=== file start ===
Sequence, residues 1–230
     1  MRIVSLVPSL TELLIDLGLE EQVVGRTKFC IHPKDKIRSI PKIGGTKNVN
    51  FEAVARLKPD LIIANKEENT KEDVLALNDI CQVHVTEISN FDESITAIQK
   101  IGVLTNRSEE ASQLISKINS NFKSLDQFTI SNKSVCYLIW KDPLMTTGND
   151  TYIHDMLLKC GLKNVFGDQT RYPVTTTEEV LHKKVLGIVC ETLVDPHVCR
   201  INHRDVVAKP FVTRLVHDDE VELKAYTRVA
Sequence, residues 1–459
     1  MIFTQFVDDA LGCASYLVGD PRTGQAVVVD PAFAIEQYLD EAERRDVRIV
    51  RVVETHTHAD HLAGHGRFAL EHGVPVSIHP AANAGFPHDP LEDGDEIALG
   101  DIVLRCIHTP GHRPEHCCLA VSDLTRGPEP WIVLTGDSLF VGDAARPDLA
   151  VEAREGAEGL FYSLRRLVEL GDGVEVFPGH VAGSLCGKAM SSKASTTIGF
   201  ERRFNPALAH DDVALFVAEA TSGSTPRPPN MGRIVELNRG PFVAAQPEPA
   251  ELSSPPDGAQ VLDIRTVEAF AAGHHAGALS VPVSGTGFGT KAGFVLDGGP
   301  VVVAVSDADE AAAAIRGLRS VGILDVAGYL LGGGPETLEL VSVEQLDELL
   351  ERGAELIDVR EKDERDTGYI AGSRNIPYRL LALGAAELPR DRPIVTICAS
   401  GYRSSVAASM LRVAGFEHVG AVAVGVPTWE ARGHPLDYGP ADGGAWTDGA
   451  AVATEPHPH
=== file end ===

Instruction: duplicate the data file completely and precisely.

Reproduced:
Sequence, residues 1–230
     1  MRIVSLVPSL TELLIDLGLE EQVVGRTKFC IHPKDKIRSI PKIGGTKNVN
    51  FEAVARLKPD LIIANKEENT KEDVLALNDI CQVHVTEISN FDESITAIQK
   101  IGVLTNRSEE ASQLISKINS NFKSLDQFTI SNKSVCYLIW KDPLMTTGND
   151  TYIHDMLLKC GLKNVFGDQT RYPVTTTEEV LHKKVLGIVC ETLVDPHVCR
   201  INHRDVVAKP FVTRLVHDDE VELKAYTRVA
Sequence, residues 1–459
     1  MIFTQFVDDA LGCASYLVGD PRTGQAVVVD PAFAIEQYLD EAERRDVRIV
    51  RVVETHTHAD HLAGHGRFAL EHGVPVSIHP AANAGFPHDP LEDGDEIALG
   101  DIVLRCIHTP GHRPEHCCLA VSDLTRGPEP WIVLTGDSLF VGDAARPDLA
   151  VEAREGAEGL FYSLRRLVEL GDGVEVFPGH VAGSLCGKAM SSKASTTIGF
   201  ERRFNPALAH DDVALFVAEA TSGSTPRPPN MGRIVELNRG PFVAAQPEPA
   251  ELSSPPDGAQ VLDIRTVEAF AAGHHAGALS VPVSGTGFGT KAGFVLDGGP
   301  VVVAVSDADE AAAAIRGLRS VGILDVAGYL LGGGPETLEL VSVEQLDELL
   351  ERGAELIDVR EKDERDTGYI AGSRNIPYRL LALGAAELPR DRPIVTICAS
   401  GYRSSVAASM LRVAGFEHVG AVAVGVPTWE ARGHPLDYGP ADGGAWTDGA
   451  AVATEPHPH